With water-based inks (Figure 4.9), it is important to not use heat to dry them. Rather, it is important to move as much air across the web as possible – air velocity is key. Converters often think that the best way to dry water-based inks is by using a lot of heat, which is incorrect. Additional heat is not required; just use air, but ensure high air velocity.
Figure 4.9 Optimizing water-based flexo sleeve printing inks. Source- Flint Gro
When using water-based inks for shrink sleeves, it is necessary to catalyze the last down product . which is usually a flood coat of white with a catalyst. This is necessary because there is a lot of moisture in the steam tunnel, and if that moisture contacts the inks, they will start to re-solubilize. Therefore, with water-based inks and steam tunnels, it is necessary to catalyse the last down ink.
Another critical factor with water-based inks is the pH level. Make sure to have a good maintenance program relating to pH.
Solvent based inks have already been mentioned, especially in relation to how acetates can damage shrink film. Make sure to buy the right inks for shrink applications. OPS is particularly sensitive to solvent attack. The other point is to ensure correct ink viscosity. Solvent ink suppliers will typically supply inks that are not press ready, as is the common procedure with narrow web. For wide-web presses, it is typical to provide a concentrate, which the printer dilutes to a certain printing viscosity. In this case, it is important to make sure to dilute the inks with the proper solvents and to the correct viscosity.
Web Offset. A common issue with offset printing is contamination to the seaming area from the fountain solution. This can be caused by the antistatic coating that is typically applied on one side of PETg film. Applied by the film manufacturers, this coating is designed to reduce static during the conversion process. While the general recommendation is to print on the non-antistatic side, some converters prefer printing on the antistatic side for reasons of adhesion and printability. Printing on the antistatic side is not recommended for offset application. See Figure 4.10 for an easy way to tell which side of the film is coated with antistatic, if it isn’t labeled.
Figure 4.10 Getting the best out of UV/EB sleeve printing inks. Source- Flint Group
Also with offset, it is necessary to be careful with the ink-water balance to avoid ending up with scumming and other problems back in the fountain solution. These contaminants may transfer onto the web in the seaming area and create poor seams or even failing seams during the shrink process. There are new fountain solutions that are available that will not solubilize the antistatic and cause contamination in the seam area. This is very important when using offset printing.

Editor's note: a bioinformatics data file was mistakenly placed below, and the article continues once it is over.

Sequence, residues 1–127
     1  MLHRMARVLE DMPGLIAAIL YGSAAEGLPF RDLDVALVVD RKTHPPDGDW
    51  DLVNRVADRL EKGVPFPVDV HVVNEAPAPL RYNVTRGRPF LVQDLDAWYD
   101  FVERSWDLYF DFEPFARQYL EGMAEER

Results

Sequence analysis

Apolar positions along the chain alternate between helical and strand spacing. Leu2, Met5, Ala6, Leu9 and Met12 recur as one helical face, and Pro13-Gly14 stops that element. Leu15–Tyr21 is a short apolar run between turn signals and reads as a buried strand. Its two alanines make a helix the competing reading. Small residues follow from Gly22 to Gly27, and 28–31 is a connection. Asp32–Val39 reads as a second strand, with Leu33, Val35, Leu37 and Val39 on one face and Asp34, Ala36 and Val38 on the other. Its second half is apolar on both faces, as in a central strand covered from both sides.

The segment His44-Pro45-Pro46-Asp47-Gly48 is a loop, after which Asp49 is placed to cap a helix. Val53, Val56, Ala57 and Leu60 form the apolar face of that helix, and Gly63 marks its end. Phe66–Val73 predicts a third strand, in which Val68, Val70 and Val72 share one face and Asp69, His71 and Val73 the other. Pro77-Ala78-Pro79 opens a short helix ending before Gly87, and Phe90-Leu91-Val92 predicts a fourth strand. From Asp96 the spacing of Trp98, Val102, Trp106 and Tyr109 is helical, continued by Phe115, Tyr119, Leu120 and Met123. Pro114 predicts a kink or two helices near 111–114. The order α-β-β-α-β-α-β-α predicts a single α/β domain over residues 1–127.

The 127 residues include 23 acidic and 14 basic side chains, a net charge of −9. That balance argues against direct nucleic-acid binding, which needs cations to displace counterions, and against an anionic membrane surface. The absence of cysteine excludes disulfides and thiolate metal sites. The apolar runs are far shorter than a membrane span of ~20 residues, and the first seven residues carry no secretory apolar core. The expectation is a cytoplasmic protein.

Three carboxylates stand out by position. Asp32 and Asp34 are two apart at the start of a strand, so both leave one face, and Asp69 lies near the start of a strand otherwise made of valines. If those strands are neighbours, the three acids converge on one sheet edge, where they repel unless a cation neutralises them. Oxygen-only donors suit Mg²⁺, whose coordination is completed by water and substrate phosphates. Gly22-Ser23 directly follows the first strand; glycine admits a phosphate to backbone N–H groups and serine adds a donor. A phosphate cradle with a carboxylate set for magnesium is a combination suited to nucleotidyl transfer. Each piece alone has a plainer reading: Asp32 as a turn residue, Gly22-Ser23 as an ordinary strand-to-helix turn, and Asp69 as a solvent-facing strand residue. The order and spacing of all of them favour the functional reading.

Digital. Most of the digital inks will need a primer, and many film suppliers have pre-primed films for the digital applications, especially for HP presses. Or, the converter can buy their own primer and prime it in line. If the printer wishes to undertake their own priming, then they need to note that the seam area must be left clean and free of primer.
Primers and inks must be kept out of the seam areas. The seaming solution is a solvent, requiring raw film to raw film contact in order for the chemical weld to work.
TYPICAL PRESS-SIDE /LABORATORY INK TESTS
Ink manufacturers highly recommend that printers undertake some typical test procedures (Figure 4.11) before putting sleeve products in the market. These should include having dyne solutions to test the dyne of the substrate, and understanding from the film supplier where the optimum dyne should be, and if corona treating is required. Once you know where the dyne level of the film should be, then treat it to the optimum level.
Figure 4.11 Examples of typical laboratory/press side tests. Source- Flint Group
It is also important to do some simple cure tests on the printed film. Do some tape adhesion tests; in this industry, the standard is 610 tape, though 810 and 600 tapes are also used. Look at different tapes to make sure that the film is based on requirements, and that the tests are being passed. Some ink suppliers also advise the use of solvent rubs to determine cure – it is recommended to liaise with the ink supplier to determine the correct process.Resistance tests. Bicycle crinkle tests are very important, as are block tests, or chemical resistance testing for the dairy and household markets. COF tests have already been mentioned and are also important to do. Finally, make sure to do some actual shrinking in the lab to make sure inks do not fail these same tests after being shrunk.